Bally’s Signs Deal to Launch Mobile Sports Betting in Kansas

Bally's Atlantic City

Efforts to legalize Kansas sports betting failed for two straight years but that did not stop Bally’s Corporation from setting foot in the Sunflower State ahead of time.

In a statement, the Rhode Island-based gambling company said that it will offer its Bally Bet mobile app in Kansas via a multi-year market agreement with Boot Hill Casino and Resort.

Said Bally’s President and CEO George Papanier:

“This relationship provides a significant opportunity for Bally’s to enter into yet another attractive mobile sports betting market. With the approval of pending sports betting legislation in the state, we can’t wait for Kansas sports fans to engage in our best-in-class online sports betting offerings.”

The Kansas Lottery owns and operates all gaming in the state. As required by law, the agreement will license, transfer, or lease the needed Bally’s mobile sportsbook elements to the Lottery in order to offer a premium sports betting platform for Kansas bettors.

Kansas Will Give Bally’s Presence in a 14th State

Senate Bill 84, which seeks to legalize sports betting in Kansas, was introduced last January and passed the Senate via a 26-12 vote. It was referred to the House Committee on Federal and State Affairs as the House must also pass it before it becomes a law.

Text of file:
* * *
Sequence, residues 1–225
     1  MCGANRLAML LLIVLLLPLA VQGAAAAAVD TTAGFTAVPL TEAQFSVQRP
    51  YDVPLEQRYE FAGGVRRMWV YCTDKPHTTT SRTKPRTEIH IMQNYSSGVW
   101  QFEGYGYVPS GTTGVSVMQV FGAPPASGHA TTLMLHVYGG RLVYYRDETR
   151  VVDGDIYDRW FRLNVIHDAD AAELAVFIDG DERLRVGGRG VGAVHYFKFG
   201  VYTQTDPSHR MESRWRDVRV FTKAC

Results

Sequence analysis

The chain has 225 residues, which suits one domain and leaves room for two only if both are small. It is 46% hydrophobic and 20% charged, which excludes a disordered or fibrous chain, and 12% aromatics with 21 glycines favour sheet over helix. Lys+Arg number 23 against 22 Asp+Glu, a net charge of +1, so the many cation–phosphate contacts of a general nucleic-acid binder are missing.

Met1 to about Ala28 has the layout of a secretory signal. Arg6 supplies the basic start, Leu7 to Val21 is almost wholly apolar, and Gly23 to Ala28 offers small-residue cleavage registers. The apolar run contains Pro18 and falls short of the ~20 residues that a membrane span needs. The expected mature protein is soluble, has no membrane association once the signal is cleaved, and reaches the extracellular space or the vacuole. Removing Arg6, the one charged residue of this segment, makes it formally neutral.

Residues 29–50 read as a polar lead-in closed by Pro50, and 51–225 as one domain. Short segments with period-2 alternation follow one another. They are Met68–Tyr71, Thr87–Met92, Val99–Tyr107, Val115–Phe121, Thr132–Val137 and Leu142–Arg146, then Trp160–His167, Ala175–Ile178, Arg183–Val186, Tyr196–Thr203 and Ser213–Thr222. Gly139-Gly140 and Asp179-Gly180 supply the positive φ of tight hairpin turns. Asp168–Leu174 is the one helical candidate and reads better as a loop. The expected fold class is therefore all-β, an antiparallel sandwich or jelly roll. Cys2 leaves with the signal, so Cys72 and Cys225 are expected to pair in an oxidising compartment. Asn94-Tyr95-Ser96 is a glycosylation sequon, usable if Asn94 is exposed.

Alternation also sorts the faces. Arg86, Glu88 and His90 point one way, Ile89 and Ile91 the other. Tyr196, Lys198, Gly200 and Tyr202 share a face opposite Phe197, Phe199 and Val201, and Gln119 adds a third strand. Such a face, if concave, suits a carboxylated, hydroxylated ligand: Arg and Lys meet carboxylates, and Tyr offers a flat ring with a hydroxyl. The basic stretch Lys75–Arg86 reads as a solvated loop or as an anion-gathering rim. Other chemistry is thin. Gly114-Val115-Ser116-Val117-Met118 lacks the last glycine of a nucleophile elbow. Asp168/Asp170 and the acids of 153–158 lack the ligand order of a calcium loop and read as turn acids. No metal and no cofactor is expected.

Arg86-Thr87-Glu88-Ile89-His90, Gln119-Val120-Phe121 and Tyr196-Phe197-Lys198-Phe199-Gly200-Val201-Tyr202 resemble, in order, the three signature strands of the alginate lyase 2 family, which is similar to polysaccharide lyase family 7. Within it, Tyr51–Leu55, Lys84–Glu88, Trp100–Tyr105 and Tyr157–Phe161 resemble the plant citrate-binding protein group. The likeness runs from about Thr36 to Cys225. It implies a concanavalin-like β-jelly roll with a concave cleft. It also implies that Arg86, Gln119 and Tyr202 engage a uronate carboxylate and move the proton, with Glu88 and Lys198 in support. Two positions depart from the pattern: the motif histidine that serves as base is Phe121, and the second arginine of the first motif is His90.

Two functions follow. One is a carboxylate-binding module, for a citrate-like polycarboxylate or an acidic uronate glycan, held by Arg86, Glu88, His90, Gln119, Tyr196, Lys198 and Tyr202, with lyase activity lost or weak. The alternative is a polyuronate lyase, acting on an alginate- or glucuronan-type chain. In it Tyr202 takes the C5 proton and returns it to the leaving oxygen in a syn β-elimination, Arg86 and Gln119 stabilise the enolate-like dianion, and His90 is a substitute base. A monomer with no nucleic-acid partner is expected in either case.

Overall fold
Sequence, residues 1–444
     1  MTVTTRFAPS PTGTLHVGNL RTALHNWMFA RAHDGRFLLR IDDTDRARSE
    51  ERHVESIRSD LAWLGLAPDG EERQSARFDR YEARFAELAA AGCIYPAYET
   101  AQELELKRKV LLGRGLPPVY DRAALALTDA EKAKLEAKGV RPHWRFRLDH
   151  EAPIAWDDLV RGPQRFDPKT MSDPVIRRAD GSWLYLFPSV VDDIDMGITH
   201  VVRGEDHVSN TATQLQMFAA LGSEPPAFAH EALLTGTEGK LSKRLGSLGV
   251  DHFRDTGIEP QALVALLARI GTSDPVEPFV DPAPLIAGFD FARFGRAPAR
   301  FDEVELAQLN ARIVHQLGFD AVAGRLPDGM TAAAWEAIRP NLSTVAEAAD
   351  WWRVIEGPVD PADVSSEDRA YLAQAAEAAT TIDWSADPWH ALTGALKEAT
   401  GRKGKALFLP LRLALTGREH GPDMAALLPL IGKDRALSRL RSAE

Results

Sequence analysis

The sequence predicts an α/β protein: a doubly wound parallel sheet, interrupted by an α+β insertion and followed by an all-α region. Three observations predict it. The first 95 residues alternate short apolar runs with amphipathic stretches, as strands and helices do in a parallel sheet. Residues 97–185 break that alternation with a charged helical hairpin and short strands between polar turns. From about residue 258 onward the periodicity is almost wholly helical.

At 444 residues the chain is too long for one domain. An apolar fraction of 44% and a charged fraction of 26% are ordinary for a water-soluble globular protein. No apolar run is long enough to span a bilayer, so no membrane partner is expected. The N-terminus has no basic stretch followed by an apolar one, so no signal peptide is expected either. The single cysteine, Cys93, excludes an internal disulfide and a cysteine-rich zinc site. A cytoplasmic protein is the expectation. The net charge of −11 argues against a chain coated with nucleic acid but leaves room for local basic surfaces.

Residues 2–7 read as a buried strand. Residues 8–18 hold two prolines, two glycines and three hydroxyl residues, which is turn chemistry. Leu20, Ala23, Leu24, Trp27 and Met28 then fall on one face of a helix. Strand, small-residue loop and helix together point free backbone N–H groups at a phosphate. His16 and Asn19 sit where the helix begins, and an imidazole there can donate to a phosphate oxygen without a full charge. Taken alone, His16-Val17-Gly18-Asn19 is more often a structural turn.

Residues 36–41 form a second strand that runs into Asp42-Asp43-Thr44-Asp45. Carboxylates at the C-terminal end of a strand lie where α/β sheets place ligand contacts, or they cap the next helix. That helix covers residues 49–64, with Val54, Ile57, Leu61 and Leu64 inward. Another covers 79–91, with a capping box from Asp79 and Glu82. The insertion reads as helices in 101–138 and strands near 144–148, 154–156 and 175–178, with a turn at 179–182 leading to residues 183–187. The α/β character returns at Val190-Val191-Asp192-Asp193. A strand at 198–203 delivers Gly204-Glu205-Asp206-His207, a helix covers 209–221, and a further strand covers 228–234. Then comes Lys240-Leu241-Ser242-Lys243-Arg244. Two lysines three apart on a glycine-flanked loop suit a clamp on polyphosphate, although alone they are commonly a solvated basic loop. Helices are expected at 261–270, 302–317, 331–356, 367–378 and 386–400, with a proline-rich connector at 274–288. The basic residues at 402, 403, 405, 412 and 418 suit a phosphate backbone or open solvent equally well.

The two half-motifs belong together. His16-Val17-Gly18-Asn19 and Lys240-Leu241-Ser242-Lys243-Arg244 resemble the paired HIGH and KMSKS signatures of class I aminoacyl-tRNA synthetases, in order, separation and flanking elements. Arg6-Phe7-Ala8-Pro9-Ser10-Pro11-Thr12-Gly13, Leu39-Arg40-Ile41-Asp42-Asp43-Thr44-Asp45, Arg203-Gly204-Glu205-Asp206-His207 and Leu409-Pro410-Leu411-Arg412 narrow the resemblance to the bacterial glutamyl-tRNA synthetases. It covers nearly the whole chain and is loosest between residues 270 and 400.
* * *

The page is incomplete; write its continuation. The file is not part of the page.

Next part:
The Kansas launch, dependent on the House approval, will give Bally’s a presence in a 14th state and the third wherein it operates solely as an online entity. Bally’s is hoping that its recent partnership with the Sinclair Broadcast Group, which has 19 regional station, will help attract sports fans from neighboring states to Kansas.

SB 84

Under the Kansas expanded lottery act, Senate Bill 84 will legalize sports betting and allow existing casinos to offer retail and mobile sports wagering. All sports betting activities will be under the regulation and responsibility of the Kansas Racing and Gaming Commission.

Bettors need to be at least 21 years old to place legal wagers on professional and collegiate sports. An estimated 2% of all sports betting revenues collected by the state will fund a gambling addiction treatment programs.